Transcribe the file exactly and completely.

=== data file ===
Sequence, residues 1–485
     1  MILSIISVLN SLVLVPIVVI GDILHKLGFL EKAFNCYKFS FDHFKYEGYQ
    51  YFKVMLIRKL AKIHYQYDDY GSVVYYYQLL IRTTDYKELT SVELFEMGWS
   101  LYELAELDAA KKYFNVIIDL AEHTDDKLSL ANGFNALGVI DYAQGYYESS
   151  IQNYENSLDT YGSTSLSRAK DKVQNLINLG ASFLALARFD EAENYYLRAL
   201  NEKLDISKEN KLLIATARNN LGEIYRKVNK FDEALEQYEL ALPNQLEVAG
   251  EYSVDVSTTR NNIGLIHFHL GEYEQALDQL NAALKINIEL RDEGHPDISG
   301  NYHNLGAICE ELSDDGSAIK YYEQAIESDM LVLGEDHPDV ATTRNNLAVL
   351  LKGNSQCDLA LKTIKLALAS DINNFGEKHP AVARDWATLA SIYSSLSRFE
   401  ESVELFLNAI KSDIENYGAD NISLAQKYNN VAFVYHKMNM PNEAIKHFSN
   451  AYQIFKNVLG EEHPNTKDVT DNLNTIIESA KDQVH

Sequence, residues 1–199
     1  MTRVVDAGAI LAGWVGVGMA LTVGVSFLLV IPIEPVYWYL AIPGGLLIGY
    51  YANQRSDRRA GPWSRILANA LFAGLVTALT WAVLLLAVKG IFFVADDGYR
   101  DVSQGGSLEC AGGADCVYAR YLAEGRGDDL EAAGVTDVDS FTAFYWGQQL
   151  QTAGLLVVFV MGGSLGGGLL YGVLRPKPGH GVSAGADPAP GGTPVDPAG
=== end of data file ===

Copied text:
Sequence, residues 1–485
     1  MILSIISVLN SLVLVPIVVI GDILHKLGFL EKAFNCYKFS FDHFKYEGYQ
    51  YFKVMLIRKL AKIHYQYDDY GSVVYYYQLL IRTTDYKELT SVELFEMGWS
   101  LYELAELDAA KKYFNVIIDL AEHTDDKLSL ANGFNALGVI DYAQGYYESS
   151  IQNYENSLDT YGSTSLSRAK DKVQNLINLG ASFLALARFD EAENYYLRAL
   201  NEKLDISKEN KLLIATARNN LGEIYRKVNK FDEALEQYEL ALPNQLEVAG
   251  EYSVDVSTTR NNIGLIHFHL GEYEQALDQL NAALKINIEL RDEGHPDISG
   301  NYHNLGAICE ELSDDGSAIK YYEQAIESDM LVLGEDHPDV ATTRNNLAVL
   351  LKGNSQCDLA LKTIKLALAS DINNFGEKHP AVARDWATLA SIYSSLSRFE
   401  ESVELFLNAI KSDIENYGAD NISLAQKYNN VAFVYHKMNM PNEAIKHFSN
   451  AYQIFKNVLG EEHPNTKDVT DNLNTIIESA KDQVH

Sequence, residues 1–199
     1  MTRVVDAGAI LAGWVGVGMA LTVGVSFLLV IPIEPVYWYL AIPGGLLIGY
    51  YANQRSDRRA GPWSRILANA LFAGLVTALT WAVLLLAVKG IFFVADDGYR
   101  DVSQGGSLEC AGGADCVYAR YLAEGRGDDL EAAGVTDVDS FTAFYWGQQL
   151  QTAGLLVVFV MGGSLGGGLL YGVLRPKPGH GVSAGADPAP GGTPVDPAG